Saturday, February 13, 2010

More writing tips of yesteryear

It's time to return to a classic text I introduced on WARTE last year: Ronald Pelham's How shall I word it? The self-help book, published in 1949, is designed to help the reader compose appropriate letters for any occasion. And I mean any occasion.

Let's say, for instance, that you were in the process of forming the Middle Maxton Cricket Club and needed a local gent to serve as your first President. Pelham believes that obsequious flattery is the best strategy.

'I know you are keen on the game and, before calling a meeting of all interested, I wondered whether you would allow your name to go forward as prospective President. There is no more enthusiastic cricketer in the district that your good self, while as for prowess on the Green - well, I for one shall never forget that sparkling century of yours last season in the Charity Match when you came to the rescue after we had lost seven men for ten runs...'

Hell, if I received a letter like this, I'd allow my own name to go forward. Never mind that I have only the shakiest grasp of the rules and would rather watch paint dry than roll up at The Oval.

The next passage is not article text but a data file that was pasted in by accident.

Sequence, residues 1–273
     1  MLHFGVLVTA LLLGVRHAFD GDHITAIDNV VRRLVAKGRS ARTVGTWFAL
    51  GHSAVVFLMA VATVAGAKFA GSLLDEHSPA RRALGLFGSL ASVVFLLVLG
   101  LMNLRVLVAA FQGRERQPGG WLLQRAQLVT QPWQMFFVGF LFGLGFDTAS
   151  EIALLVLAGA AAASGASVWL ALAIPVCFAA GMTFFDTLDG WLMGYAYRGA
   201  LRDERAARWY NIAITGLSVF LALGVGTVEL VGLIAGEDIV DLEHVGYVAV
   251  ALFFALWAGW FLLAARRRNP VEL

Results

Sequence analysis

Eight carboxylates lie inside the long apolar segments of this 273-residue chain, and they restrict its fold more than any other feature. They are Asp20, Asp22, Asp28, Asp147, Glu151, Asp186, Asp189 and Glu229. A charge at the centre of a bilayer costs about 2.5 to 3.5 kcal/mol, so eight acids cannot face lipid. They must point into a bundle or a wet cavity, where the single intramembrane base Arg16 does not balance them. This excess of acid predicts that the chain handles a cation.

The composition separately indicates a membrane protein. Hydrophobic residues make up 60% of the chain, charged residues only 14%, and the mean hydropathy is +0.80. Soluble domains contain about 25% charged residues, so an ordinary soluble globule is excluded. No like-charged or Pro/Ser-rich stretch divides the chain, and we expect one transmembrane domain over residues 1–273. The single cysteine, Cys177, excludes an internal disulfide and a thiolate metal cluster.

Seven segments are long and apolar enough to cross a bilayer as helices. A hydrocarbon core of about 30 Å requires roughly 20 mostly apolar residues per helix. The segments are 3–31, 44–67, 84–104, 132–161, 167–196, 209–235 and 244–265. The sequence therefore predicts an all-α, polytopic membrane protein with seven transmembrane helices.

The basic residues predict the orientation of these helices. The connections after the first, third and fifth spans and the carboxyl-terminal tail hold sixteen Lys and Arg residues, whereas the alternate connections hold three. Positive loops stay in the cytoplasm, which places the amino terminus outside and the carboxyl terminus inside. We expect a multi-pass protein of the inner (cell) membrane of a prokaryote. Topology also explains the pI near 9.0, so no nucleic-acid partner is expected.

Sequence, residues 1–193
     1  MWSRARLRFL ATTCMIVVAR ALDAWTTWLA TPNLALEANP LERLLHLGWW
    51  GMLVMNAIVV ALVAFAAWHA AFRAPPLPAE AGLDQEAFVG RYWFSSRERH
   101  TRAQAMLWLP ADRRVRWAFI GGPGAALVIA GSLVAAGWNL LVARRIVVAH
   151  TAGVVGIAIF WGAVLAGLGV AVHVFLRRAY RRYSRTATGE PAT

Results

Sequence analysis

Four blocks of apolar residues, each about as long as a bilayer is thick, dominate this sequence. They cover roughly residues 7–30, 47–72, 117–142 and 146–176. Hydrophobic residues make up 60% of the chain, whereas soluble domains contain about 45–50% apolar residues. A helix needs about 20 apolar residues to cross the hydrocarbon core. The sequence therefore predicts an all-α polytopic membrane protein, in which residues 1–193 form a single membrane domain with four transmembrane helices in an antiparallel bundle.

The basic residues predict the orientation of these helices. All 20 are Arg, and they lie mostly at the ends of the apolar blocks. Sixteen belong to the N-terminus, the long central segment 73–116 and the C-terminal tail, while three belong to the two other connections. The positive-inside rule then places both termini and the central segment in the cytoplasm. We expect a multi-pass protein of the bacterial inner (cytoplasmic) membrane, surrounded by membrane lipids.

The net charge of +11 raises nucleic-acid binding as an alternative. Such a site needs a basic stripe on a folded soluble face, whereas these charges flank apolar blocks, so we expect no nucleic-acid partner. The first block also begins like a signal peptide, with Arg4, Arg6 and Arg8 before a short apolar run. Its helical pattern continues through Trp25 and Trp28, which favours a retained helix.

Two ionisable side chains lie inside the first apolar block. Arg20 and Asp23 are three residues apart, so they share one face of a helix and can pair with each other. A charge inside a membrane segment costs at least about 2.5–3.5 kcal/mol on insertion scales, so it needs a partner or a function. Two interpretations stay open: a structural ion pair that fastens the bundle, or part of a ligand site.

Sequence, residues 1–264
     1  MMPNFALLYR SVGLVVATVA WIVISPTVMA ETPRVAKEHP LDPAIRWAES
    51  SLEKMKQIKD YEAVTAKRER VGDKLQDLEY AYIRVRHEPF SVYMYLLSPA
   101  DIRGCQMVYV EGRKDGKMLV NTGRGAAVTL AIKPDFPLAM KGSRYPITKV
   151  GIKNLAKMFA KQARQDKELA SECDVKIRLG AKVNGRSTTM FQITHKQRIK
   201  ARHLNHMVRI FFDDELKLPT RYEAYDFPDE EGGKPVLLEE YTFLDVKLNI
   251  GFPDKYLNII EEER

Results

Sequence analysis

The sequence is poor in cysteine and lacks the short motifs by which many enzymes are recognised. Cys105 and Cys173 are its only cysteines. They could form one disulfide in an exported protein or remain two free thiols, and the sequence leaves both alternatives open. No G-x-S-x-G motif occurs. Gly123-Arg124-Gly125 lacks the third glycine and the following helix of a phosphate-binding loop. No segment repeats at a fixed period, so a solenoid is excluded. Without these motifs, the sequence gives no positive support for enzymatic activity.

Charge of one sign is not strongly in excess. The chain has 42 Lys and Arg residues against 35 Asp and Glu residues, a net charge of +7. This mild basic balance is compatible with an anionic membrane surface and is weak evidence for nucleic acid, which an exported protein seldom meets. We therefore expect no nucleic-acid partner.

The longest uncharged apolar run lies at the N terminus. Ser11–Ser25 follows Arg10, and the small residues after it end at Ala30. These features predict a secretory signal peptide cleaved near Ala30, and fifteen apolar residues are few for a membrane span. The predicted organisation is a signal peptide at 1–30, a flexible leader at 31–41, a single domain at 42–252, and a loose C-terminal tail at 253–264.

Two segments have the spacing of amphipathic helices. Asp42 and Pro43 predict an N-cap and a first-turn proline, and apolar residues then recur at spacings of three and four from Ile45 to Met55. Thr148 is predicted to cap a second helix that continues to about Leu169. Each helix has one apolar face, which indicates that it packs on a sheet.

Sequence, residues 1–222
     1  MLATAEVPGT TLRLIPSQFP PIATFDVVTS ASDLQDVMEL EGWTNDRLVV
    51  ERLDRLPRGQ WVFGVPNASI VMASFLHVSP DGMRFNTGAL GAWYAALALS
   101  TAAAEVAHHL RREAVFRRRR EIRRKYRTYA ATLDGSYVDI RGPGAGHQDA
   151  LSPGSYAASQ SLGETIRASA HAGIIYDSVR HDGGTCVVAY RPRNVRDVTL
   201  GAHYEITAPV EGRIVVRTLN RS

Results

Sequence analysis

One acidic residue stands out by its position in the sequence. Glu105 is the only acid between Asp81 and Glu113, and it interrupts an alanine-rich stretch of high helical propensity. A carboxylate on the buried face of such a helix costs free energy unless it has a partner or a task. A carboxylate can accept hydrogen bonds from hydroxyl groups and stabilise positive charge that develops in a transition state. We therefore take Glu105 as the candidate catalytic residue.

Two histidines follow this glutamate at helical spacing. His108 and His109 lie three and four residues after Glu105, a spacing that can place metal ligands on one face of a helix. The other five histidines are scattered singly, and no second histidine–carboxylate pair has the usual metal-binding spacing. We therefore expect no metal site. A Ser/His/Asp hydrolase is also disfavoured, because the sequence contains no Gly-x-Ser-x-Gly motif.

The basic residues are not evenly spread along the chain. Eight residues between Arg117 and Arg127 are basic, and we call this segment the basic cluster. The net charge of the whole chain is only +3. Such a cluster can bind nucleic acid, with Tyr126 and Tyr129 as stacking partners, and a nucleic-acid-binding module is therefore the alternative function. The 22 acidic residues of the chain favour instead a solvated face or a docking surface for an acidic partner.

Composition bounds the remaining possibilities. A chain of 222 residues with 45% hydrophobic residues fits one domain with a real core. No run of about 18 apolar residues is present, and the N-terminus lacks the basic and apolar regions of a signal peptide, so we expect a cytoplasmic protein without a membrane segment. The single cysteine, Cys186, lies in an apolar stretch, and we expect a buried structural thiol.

Ever mindful that people get themselves into all kinds of scrapes, the author extends his advice beyond the world of amateur sport. On Page 70 and 71, he tackles that tricky situation when you've been summoned to appear in court for a driving offence, but your father is dying and not expected to last the week. The unfortunate scenario gives you reason to excuse yourself from a personal appearance before the beak, but Pelham believes that you also have to defend the case in writing.

'...I plead that the circumstances made it impossible for me to see the lights. I was in a stream of traffic, on the right of a lorry loaded high with goods. As I moved slowly forward beside it, the lights must have changed to red.'

Would such a letter cut any ice, do you think? Possibly. But only if you happened to have a dying father and had recently been nicked for jumping lights which had been obscured by a heavily-laden lorry.

'After twelve years of driving I have a clean licence and therefore ask for leniency.'

Next time on WARTE: Mr Pelham's suggestions for tackling a noisy neighbour who's playing a radio too loud, while you're working nights.

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